God's Existence, Science and Faith, Suffering and Evil, Jesus' Resurrection, and Book Reviews

God Your Way, Right Away

Everyone who's read this blog for a while or have talked with me extensively on worldview issues, knows that I am really big on defining terms. Anytime that I'm on the sidelines of a heated discussion and notice that the conversation can be cooled a bit by the participants understanding the other's terms, I point it out- it normally works to help understanding, but not necessarily agreement.

Example: The Problem of Evil
An easy way to show that something does not exist is to provide a definition then show how that definition is not in keeping with reality. Many of the objections to God's existence by atheists come in this form. Here is a common example:
  1. There is obviously evil in this world. 
  2. God would not allow evil to exist. 
  3. Therefore, God does not exist.

An atheist who raises this objection has defined "God" as a supreme being who would not allow evil to exist and is obtaining his conclusion based on that definition. The problem is that most theists would agree that this "God" defined by the atheist does not exist! The atheist is quite rational with his conclusion, based on his definition of "God". This would throw off many who hold this definition of "God", especially when the theist concedes the conclusion but follows up with, "...but that's not the God I'm defending."

End Times Predictions?

Last week I posted a review of "Has Christianity Failed You?" by Ravi Zacharias. In that book, Ravi talked about how members of the Church have failed people by not acting as Christianity teaches or by teaching something that Christianity does not teach- the person discovers the wrong behavior or the false teaching and projects the falsehood onto the entire worldview, thus rejecting it. 

It came to my attention early this week that a somewhat influential person (Harold Camping) made a prediction that today is Judgment Day. I heard that several people believed him to the point of using the value of all their assets to warn others. I have no doubt, that this person will be used as a "poster child" of Christians and a reason to reject the truth of the Christian worldview. I have no doubt that many who follow this person will become disillusioned and "throw out the baby with the bath water" (leave Christianity). Unfortunately, this is one of those examples where a member of the Church is the source of the failure, not Christianity itself. A lot of times, in the defense of the truth of Christianity, it is not necessary to present an argument for God's existence or the resurrection of Christ; rather, all that is needed is a clarification on what Christianity teaches, and an explanation of why a certain someone, who has been proven to be wrong, is not actually teaching something that Christianity teaches. This is one of those situations.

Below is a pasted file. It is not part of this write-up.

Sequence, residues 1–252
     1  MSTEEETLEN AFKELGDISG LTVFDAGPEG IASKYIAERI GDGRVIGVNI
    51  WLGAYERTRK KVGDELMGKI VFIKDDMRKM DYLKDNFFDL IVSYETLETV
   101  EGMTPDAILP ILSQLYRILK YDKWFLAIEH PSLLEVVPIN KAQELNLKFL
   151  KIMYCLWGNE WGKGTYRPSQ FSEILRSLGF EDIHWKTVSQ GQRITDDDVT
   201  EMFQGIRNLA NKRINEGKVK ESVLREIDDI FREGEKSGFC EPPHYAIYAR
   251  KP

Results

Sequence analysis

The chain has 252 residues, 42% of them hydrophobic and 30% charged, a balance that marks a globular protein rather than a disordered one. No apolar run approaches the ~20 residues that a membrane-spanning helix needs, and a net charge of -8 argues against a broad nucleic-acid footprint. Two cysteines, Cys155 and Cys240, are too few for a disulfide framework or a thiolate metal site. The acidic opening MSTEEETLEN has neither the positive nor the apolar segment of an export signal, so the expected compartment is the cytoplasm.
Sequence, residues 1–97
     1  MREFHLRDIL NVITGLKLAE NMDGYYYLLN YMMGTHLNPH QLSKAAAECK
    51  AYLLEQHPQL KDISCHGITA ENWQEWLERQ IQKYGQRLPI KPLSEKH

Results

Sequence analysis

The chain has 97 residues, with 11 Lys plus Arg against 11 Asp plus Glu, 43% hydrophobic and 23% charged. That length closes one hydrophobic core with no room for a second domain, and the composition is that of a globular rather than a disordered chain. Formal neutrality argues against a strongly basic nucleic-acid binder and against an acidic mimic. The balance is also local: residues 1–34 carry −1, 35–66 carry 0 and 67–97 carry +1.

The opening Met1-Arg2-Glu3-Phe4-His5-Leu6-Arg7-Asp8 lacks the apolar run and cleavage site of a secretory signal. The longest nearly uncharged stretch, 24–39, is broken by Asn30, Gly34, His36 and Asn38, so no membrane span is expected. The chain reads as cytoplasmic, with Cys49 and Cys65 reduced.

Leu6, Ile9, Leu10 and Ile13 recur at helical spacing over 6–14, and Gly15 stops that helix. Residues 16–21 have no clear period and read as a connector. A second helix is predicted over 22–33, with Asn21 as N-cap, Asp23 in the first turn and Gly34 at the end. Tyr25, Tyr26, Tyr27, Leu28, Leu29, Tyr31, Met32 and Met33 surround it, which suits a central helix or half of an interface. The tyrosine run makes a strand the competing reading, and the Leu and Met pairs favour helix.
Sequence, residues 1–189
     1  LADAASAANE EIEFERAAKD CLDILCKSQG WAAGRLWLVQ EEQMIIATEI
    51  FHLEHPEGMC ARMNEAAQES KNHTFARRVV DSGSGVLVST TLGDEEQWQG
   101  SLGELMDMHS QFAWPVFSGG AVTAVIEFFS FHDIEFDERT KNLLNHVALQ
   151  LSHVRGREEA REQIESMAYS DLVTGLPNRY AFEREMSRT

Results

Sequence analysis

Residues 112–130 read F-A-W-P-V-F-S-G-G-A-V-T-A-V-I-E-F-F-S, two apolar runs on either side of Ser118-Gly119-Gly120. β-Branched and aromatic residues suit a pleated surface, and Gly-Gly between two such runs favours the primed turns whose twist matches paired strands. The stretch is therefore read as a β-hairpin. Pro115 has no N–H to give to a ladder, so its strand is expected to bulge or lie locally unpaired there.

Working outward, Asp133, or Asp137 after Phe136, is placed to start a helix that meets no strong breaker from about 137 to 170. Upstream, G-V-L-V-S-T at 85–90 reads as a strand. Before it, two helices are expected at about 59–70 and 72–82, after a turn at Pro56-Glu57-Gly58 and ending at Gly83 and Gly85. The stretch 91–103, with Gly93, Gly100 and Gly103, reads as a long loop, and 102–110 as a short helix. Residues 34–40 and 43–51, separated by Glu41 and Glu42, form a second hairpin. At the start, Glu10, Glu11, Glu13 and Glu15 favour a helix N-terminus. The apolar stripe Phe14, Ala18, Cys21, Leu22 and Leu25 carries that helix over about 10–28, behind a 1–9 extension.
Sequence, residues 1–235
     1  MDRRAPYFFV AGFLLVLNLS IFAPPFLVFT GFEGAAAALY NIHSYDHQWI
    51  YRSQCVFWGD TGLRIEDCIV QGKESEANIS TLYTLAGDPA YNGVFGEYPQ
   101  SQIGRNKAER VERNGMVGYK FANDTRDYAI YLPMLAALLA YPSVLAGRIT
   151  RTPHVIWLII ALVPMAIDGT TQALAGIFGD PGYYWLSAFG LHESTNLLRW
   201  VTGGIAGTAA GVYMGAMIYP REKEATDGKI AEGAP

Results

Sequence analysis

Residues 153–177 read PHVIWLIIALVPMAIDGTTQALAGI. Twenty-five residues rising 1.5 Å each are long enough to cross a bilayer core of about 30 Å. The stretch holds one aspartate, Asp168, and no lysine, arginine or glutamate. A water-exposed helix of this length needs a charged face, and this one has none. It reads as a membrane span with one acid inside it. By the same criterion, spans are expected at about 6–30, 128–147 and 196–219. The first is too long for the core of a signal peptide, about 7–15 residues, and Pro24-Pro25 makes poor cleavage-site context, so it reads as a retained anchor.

Book Review: Has Christianity Failed You?

One of the major obstacles that I come against in defending the Christian worldview is simply a misunderstanding of the worldview. So many times people tell me that they reject Christianity based on one thing or another that Christianity teaches. In the vast majority of the cases people are rejecting something that is not Christian but they believe is Christian.

In "Has Christianity Failed You?" Ravi Zacharias tackles this exact issue. If emphasis could be added in a title, I would place it on "Christianity". He believes that it is not Christianity that has failed people, but what they think is Christianity. Ravi introduces his book by telling of an open forum on the topic of this book that he spoke. The audience was eager to hear what Ravi had to say about the apparent failures of Christianity, intellectually and emotionally. This book is his thoughts on the issue.

Filling in the Gaps

Many skeptics of theism accuse theists of "god-of-the-gaps" argumentation when it comes to providing evidence for God's existence. Many theists claim that naturalists are guilty of using a "naturalism-of-the-gaps" argumentation to explain away evidence for God's existence. Others prefer to remain agnostic and simply, "I don't know, one way or the other." Yet, still others will say, "No one can know."

I've noticed a pattern here (I'm sure I'm not the first, though). We all know that we are not omniscient- none of us knows everything. Which means that everyone has gaps in their knowledge, and we fill those gaps with something (there are no exceptions, as I am about to show). As mentioned in my previous posts "What is Faith?" and "Do You Rely on Authorities?" we tend to look to past experiences to determine what to put our trust in to fill those gaps.